Why are Wild Zones needed?

There is currently almost nowhere for urban children to build a tree house, muck around with water and mud and branches, or even dig a hole for no reason. Even where there is open space, these activities are off-limits in parks, playgrounds and vacant lots. The lack of opportunity for unstructured play in a natural environment has a negative impact on many aspects of young people's lives including obesity, stress, cognitive development, attention deficit and hyperactivity, physical confidence and competence, social relationships, and bonding with the natural world. "Nature-deficit disorder' affects urban, suburban and rural children and teenagers.

There are six main needs that Wild Zones address:

Child and Adolescent Health

There are rising levels of obesity, stress, heart disease, diabetes, depression and eating disorders among children and teenagers in developed countries.

Relentless testing and competitiveness lead many students to give up, become angry and embittered. Children labeled with 'attention deficit disorder' and 'hyperactivity' find it difficult to learn effectively in a classroom environment. Even successful students may feel their achievements have been won at the cost of their authentic desire to learn.

Anti-social Behavior
There is grave concern about the levels of crime, violence, abuse of alcohol and drugs, and low levels of public civility among children and teenagers.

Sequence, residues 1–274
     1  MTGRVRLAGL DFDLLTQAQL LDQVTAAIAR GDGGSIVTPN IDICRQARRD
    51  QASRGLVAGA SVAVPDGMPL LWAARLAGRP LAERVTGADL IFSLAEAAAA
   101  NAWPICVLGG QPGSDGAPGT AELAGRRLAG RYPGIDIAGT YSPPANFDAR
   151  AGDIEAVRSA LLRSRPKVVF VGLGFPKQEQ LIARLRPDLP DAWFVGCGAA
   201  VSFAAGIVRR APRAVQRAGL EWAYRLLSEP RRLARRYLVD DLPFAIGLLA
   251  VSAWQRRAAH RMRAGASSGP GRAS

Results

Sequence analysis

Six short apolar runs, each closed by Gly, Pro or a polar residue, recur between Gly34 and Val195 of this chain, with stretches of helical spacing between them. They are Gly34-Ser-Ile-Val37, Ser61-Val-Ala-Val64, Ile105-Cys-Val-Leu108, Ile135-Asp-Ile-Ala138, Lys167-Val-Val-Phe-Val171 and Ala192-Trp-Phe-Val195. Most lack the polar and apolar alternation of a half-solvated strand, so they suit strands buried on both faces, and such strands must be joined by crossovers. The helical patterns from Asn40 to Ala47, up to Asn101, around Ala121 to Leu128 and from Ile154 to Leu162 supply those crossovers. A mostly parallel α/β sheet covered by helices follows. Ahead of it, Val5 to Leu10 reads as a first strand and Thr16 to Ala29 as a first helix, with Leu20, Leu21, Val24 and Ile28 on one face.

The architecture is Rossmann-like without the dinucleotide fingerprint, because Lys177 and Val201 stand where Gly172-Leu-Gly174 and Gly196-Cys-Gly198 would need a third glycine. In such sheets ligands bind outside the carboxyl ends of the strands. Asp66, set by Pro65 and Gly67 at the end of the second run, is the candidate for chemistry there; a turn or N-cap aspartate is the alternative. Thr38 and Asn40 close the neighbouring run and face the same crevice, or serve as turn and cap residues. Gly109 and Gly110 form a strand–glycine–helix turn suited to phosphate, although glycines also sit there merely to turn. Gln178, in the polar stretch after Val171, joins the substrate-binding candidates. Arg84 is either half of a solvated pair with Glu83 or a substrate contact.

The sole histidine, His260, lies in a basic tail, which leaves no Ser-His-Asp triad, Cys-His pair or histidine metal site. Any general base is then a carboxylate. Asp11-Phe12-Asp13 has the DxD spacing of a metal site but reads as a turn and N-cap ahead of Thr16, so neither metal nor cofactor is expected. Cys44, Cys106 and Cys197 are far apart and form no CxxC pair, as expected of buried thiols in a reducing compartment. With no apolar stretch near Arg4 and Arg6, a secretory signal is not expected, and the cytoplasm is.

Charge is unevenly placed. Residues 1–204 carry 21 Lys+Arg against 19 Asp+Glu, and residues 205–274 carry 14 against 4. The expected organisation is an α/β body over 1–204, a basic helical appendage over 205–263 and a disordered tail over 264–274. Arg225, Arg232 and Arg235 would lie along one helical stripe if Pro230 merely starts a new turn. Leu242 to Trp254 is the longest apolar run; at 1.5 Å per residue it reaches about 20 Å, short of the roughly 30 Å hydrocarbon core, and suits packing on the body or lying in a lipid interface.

Intercultural Relations
Ethnic tensions are fueled by stereotyping, prejudice, lack of respect and lack of equal opportunities in many areas of life. There are not enough public spaces where people from all backgrounds feel welcome to engage in creative activities that celebrate their similarity and their diversity.

Civic Engagement
The failure to give children and youth a voice and a role in civil society risks breeding a dangerous cynicism and ignorance about democracy and community building.

Ecological Stewardship
All of the ecosystems and species of the earth, including humans, continue to be threatened in numerous ways. Our children will inherit this major challenge and will be expected to care for and heal a severely damaged biosphere. But many children will reach adulthood with no experiences of being nurtured and healed by time spent playing or relaxing in natural environments.

Downloadable  Toolkit


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